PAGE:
Thursday, February 19, 2009

The Couchies - Best Actress

Last Year's Winner - Kate Dollenmeyer


Hanna Schygulla - Il Futuro e Donna

The only Thespian repeat from the 2007 Couchies, Schygulla once again has to settle for a nomination. What an extraordinary talent. I've yet to see any of her collaborations with Fassbinder, but the two movies I saw her in this year - Il Futuro and The Edge of Heaven - demonstrated a formidable range. In the former, she is beautiful, outgoing, and (sort of) expecting her first child; in the latter, she is conservative, cautious, and in danger of losing her daughter. It's an amazing set of performances and, fortunately for her 2009 Couchie chances, I'm making it a mission to work my way through Rainer Werner's oeuvre this year.

Samantha Eggar - The Brood

Technically, only Sean reviewed this one, but since I saw it and commented on the Cronenberg lecture that preceded it, it's fair game. As the expression of Cronenberg's hatred of his ex-wife, Eggar is all wrath and vindictiveness. Not only is she a woman, but she is pregnant too! Look out. Though the movie as a whole suffers from the director's myopia and structuring its narrative around stereotypes of women from the sixteenth century, Eggar is pretty damn scary.

Cate Blanchett - I'm Not There

For someone who liked this movie, I wasn't as high as others on Blanchett. Sure, she was playing a guy, but Dylan circa 1965 ain't exactly a real stretch into machoville. Dylan had the peacock strut and an almost divaish feel as inhabited by Blanchett, and one I'm not sure was justified. She definitely looked like Dyaln, but that probably had to do more with weird 60s fashion and Dylan's frail body than anything Blanchett did. So wait, why is she even listed? I can't remember, but we have to move on.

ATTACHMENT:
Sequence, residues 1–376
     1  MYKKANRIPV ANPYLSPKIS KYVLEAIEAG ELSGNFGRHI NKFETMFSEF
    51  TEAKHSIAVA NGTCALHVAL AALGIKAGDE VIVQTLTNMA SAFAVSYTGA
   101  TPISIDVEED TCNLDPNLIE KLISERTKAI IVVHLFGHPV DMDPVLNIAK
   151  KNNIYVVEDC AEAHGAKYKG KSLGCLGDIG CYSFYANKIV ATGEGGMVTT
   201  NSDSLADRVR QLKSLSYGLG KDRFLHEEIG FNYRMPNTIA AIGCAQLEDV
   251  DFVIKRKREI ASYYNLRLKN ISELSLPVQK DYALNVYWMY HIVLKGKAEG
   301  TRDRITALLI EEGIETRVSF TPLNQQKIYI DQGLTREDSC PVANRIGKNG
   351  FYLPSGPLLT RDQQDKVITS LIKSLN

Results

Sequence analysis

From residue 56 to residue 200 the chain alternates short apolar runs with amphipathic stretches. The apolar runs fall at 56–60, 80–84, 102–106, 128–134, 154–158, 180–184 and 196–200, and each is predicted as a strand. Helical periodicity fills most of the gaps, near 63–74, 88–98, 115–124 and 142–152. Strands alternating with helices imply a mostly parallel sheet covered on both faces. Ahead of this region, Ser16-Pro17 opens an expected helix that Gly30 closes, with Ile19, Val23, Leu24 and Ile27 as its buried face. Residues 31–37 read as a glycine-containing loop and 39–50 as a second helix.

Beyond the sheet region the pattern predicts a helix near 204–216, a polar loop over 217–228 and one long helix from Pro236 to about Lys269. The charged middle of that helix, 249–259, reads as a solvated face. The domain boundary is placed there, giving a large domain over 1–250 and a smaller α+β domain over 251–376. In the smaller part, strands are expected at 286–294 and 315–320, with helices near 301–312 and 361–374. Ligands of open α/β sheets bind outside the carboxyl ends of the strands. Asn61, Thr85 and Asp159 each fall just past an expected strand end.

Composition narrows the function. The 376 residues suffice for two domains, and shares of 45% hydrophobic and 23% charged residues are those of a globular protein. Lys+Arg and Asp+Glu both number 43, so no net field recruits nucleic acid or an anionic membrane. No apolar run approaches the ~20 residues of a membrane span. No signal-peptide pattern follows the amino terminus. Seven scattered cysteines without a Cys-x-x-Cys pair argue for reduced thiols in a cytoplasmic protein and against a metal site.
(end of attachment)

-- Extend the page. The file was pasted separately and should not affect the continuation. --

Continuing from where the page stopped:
And the winner is...

Nicole Kidman - Margot at the Wedding

This one should not be a surprise, at least for anyone who read our review of this film last March. Kidman's Margot is a force of nature, a writer armed with as much sarcasm as any ofNicolson's many misanthropes. At a crucial moment in her sister's life, Margot is torn between her general disapproval of her family and her need to exploit the same family for her art. The result is many many painfully funny and heartbreaking moments, as only Baumbach seems capable of grasping. Margot often seems on the verge of alienating her sister and, more importantly, her son, but Kidman never lets her become a monster.

Next Up...Best Supporting Actress

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